Page:Manhattan Transfer (John Dos Passos, 1925).djvu/344

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Manhattan Transfer

George Baldwin looked at himself in the mirror as he washed his hands in the Httle washroom behind his office. His hair that still grew densely down to a point on his forehead was almost white. There was a deep line at each corner of his mouth and across his chin. Under his bright gimleteyes the skin was sagging and granulated. When he had wiped his hands slowly and meticulously he took a little box of strychnine pills from the upper pocket of his vest, swallowed one, and feeling the anticipated stimulus tingle through him went back into his office. A longnecked officeboy was fidgeting beside his desk with a card in his hand.

"A lady wants to speak to you sir."

"Has she an appointment? Ask Miss Ranke. . . . Wait a minute. Show the lady right through into this office."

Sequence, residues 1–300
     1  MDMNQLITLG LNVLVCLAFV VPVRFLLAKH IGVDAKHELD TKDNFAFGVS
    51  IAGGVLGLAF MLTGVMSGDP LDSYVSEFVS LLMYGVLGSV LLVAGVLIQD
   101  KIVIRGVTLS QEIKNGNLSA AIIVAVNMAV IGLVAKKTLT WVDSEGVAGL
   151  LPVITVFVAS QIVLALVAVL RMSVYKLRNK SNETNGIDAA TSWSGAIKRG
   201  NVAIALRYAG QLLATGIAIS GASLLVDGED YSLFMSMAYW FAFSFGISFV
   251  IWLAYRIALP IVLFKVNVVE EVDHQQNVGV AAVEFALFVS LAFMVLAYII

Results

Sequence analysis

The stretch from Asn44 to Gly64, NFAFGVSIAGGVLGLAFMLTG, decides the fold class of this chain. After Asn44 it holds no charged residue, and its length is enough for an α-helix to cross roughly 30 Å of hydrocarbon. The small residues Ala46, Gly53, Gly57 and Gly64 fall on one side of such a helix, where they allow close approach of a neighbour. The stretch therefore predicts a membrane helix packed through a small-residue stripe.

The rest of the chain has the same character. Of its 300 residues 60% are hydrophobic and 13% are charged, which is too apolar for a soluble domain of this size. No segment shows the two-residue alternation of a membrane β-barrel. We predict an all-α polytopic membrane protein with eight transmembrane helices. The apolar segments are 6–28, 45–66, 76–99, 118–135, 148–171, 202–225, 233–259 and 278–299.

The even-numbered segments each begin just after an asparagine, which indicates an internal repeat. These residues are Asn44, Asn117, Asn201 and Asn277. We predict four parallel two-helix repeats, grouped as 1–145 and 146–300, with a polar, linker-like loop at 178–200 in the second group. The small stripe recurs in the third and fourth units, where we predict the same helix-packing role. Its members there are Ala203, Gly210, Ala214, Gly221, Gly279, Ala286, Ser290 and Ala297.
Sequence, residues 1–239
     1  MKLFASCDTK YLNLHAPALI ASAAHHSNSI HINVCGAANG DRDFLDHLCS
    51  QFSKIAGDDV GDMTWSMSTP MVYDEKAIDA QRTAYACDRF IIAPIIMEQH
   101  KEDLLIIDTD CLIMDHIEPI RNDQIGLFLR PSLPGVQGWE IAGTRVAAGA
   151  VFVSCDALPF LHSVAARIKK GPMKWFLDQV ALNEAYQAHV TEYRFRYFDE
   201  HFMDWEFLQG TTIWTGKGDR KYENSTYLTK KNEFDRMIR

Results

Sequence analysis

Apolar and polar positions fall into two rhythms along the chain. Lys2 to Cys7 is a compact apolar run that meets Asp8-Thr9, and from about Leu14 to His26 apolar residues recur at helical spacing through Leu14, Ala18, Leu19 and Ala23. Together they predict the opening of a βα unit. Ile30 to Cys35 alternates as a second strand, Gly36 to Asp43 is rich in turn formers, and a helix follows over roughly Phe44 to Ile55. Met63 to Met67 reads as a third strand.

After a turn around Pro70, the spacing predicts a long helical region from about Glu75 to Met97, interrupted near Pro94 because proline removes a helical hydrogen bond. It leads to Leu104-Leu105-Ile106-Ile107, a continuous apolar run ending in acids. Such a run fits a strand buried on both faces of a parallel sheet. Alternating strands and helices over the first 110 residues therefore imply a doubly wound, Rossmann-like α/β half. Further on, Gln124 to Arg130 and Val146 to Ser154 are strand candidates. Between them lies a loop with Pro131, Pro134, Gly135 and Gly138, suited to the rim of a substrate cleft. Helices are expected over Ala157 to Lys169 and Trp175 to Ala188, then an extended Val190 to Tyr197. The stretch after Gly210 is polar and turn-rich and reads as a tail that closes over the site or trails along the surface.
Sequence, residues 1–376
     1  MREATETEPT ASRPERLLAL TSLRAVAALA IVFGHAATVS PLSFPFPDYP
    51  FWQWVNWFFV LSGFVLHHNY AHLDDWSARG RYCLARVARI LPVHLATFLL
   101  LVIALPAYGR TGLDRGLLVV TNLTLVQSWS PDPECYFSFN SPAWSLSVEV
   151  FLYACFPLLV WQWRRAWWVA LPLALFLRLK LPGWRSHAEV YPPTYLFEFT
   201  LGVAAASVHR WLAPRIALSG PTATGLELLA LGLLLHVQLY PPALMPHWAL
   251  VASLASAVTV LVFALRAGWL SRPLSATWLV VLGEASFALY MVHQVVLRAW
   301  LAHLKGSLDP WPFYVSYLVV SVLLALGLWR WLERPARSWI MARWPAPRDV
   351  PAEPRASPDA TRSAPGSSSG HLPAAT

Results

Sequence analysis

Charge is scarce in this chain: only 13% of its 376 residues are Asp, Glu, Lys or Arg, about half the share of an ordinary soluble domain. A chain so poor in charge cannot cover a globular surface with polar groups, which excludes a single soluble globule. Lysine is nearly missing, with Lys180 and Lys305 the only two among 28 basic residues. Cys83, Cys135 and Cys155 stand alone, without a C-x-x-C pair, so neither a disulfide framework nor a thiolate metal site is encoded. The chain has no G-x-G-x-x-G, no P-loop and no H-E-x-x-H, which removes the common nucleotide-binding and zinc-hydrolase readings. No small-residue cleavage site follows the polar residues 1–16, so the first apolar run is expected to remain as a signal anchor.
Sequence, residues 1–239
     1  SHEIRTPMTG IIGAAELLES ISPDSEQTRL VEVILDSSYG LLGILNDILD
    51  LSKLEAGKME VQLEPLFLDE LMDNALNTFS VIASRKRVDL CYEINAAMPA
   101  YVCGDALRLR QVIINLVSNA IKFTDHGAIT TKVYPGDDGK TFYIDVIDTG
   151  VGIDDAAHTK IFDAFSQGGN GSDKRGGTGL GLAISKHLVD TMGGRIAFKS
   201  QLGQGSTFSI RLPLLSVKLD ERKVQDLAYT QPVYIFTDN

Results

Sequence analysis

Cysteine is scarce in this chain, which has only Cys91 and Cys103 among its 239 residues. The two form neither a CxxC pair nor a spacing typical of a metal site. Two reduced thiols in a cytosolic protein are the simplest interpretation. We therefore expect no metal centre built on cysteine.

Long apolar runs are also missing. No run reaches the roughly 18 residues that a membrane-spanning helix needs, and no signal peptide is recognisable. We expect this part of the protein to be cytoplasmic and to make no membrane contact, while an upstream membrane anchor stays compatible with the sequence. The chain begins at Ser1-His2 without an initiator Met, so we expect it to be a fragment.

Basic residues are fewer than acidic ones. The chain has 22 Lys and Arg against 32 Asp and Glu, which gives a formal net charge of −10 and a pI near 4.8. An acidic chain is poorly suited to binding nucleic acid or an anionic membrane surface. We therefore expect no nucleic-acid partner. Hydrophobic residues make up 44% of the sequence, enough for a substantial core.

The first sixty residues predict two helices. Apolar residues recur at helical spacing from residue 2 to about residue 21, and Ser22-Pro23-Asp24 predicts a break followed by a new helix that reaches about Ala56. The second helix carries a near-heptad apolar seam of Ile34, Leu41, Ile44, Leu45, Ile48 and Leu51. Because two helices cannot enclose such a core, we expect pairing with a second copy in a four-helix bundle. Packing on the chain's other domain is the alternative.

The card read Nellie Linihan McNiel. She was expensively dressed with a lot of lace in the opening of her big fur coat. Round her neck she had a lorgnette on an amethyst chain.

"Gus asked me to come to see you," she said as he motioned her into a chair beside the desk.

"What can I do for you?" His heart for some reason was pounding hard.

She looked at him a moment through her lorgnette. "George you stand it better than Gus does."


"Oh all this. . . . I'm trying to get Gus to go away with me for a rest abroad . . . Marianbad or something like that . . . but he says he's in too deep to pull up his stakes."

"I guess that's true of all of us," said Baldwin with a cold smile.

They were silent a minute, then Nellie McNiel got to her feet. "Look here George, Gus is awfully cut up about this. . . . You know he likes to stand by his friends and have his friends stand by him."

"Nobody can say that I havent stood by him. . . . It's simply this, I'm not a politician, and as, probably foolishly, I've allowed myself to be nominated for office, I have to run on a nonpartisan basis."

"George that's only half the story and you know it."